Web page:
Remembering 9/11

By Scot Feldmeyer
BarryStaff of Cincinnati – Weekly Newsletter 9/15/11

      This last weekend was the 10th anniversary of the September 11 attacks on our country and us.   Just like the December 7th anniversary of Peal Harbor for our parents and grandparents, most of us can remember exactly where we were and what we were doing when news of the attack broke.
      I was interviewing a very nice lady for an Administrative Assistant position with a client. A co-worker poked his head in to ask if I had heard that a plane had flown into the World Trade Center.  I thought he meant a little single engine plane and that the damage would be minimal.  Then word came about another plane flying into the second tower and we all crammed into the break room where we had a little TV tuned into the news.   We all stood there staring in disbelief but then I got a particularly sick feeling when they announced that a third plane had hit the Pentagon.
       That’s because my brother-in-law and best friend since high school was a career Army officer who was stationed at the Pentagon.   It had all been horrible enough just watching the destruction from afar on TV, but now someone in my family was a part of it all.   It wasn’t until later in the afternoon that one of Jim’s daughters was finally able to get through to him on his cell phone and we found out he was okay.   He had been in the building but in a section adjacent to the one hit by the plane.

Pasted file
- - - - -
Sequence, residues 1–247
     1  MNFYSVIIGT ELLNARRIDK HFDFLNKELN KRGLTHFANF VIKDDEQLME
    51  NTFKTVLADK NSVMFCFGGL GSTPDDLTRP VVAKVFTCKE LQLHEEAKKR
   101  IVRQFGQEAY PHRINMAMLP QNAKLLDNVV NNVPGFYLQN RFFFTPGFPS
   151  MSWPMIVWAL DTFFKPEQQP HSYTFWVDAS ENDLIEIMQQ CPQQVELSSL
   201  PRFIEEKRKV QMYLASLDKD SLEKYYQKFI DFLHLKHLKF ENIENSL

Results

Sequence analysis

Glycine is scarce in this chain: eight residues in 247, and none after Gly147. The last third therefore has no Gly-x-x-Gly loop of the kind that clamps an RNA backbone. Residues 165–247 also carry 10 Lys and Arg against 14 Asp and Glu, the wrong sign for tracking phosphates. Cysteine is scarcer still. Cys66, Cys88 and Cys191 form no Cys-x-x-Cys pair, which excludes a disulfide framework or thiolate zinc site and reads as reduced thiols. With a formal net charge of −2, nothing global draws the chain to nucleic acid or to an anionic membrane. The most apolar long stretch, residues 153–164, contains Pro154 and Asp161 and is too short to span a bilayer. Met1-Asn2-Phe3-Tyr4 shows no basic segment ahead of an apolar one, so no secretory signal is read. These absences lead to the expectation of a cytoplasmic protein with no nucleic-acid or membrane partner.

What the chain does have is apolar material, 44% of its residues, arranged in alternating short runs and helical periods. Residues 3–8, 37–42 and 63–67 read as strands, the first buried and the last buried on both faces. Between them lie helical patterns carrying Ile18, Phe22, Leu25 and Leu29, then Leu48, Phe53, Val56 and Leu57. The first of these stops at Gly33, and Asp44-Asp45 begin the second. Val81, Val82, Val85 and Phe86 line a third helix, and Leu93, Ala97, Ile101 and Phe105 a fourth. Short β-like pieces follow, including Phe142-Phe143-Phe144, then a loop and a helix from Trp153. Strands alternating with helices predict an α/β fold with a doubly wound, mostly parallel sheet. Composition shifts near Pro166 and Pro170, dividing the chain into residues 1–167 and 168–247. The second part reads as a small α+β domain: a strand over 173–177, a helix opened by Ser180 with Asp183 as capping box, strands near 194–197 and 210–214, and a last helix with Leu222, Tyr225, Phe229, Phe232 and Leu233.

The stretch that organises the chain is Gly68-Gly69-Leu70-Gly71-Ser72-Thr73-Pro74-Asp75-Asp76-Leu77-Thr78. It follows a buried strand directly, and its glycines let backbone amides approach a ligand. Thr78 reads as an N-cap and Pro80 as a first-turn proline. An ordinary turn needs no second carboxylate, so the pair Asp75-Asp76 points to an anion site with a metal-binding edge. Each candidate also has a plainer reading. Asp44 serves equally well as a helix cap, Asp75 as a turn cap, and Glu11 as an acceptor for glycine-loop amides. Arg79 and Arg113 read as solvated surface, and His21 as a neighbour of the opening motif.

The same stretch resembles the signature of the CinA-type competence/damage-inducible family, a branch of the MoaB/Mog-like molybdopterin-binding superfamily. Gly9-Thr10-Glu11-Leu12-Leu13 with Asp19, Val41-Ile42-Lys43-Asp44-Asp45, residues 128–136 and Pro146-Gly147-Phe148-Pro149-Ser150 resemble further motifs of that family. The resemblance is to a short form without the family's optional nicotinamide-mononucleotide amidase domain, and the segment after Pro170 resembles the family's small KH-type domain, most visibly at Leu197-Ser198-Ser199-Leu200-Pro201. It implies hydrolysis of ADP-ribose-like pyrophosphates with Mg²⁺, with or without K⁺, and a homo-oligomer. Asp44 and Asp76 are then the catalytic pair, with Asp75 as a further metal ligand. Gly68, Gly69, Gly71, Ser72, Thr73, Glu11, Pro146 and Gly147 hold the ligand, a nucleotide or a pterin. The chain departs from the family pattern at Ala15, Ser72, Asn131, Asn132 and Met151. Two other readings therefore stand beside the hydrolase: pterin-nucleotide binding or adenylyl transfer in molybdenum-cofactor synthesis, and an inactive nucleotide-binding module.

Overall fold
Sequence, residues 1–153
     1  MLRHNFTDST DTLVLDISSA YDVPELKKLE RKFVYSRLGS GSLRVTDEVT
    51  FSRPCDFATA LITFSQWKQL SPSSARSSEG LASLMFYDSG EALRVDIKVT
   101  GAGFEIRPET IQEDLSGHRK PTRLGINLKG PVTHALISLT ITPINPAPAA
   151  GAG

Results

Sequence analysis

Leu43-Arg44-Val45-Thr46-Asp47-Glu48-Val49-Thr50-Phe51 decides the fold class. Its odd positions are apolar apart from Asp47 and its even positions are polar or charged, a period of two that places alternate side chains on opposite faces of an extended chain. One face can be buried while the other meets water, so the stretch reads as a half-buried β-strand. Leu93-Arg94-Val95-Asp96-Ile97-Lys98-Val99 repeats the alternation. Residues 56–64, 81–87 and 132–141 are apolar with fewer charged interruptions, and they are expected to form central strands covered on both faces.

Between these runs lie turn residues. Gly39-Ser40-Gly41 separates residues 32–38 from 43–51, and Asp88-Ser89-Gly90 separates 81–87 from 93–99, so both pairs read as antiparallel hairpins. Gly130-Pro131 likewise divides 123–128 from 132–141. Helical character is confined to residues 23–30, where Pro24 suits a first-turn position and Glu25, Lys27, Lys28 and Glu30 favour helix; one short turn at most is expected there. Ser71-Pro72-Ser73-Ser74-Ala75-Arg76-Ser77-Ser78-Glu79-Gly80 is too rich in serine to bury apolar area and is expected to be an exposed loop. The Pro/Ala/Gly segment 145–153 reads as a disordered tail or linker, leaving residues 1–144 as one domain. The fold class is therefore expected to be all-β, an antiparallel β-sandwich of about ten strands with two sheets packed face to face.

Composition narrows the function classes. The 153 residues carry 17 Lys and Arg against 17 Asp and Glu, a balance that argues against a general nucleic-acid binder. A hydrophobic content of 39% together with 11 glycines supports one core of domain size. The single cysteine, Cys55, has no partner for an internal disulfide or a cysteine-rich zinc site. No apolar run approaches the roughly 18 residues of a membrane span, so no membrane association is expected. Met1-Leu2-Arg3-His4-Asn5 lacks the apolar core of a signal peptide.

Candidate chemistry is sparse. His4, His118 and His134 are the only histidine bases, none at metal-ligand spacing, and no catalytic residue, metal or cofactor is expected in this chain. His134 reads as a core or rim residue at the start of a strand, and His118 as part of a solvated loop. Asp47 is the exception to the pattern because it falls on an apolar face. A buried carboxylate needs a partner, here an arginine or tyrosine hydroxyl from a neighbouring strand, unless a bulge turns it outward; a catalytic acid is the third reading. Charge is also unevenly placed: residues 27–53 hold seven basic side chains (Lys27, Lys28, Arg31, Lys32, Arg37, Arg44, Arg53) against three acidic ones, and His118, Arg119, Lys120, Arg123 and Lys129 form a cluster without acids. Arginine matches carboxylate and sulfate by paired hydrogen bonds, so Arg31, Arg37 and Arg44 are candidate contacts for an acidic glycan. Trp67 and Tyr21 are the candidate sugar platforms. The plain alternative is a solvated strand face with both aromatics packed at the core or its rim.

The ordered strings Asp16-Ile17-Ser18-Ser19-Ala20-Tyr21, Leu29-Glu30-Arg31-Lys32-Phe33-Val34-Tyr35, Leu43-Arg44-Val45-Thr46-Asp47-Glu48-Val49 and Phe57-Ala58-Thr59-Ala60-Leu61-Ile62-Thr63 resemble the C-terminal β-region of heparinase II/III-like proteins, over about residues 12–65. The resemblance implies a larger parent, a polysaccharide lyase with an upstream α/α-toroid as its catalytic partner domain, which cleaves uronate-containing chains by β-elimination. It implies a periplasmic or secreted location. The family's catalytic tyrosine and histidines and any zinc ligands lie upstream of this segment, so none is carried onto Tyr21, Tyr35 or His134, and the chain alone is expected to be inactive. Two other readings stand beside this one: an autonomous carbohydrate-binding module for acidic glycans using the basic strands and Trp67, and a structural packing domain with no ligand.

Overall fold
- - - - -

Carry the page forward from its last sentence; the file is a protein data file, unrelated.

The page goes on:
Almost three thousand people and their families were not so lucky.   New York Magazine recently broke down September 11 “By The Numbers.”   When the dust settled and the fires were out, here is how it added up as of September of 2002.

Number Killed in the attacks: 2,819
Number of firefighters and paramedics killed: 343
Number of NYPD officers: 23
Number of Port Authority police officers: 37
Number of nations whose citizens were killed in attacks: 115
Number of people who lost a spouse or partner in the attacks: 1,609
Estimated number of children who lost a parent: 3,051
Percentage of Americans who knew someone hurt or killed in the attacks: 20%
Jobs lost in New York owing to the attacks: 146,100
Estimated cost of cleanup: $600 million
Economic loss to New York in month following the attacks: $105 billion
Estimated amount of insurance paid worldwide related to 9/11: $40.2 billion

9/11 was a terrible tragedy, yet it may have made us a stronger country and helped to bind us tighter together as citizens.  “You never recover completely.   You always want to remember the people who perished. I think that is the lesson of 9/11:   You can never be complacent.” – Col. Franklin Childress, with the Army’s Office of the Chief of Public Affairs